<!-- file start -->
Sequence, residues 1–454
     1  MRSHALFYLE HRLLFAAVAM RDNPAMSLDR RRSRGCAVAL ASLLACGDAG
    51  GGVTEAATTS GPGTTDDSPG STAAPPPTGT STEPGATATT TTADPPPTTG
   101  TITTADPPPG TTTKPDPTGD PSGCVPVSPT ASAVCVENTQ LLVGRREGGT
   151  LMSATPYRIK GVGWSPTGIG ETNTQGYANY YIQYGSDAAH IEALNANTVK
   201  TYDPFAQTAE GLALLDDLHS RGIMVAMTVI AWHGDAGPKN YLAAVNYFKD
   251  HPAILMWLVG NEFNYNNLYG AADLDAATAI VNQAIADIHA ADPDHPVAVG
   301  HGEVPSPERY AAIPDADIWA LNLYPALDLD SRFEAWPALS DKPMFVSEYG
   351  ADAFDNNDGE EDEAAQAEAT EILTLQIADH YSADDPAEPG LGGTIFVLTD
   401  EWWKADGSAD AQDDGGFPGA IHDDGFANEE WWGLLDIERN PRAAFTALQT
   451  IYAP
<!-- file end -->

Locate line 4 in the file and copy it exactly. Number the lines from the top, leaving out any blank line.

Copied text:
   101  TITTADPPPG TTTKPDPTGD PSGCVPVSPT ASAVCVENTQ LLVGRREGGT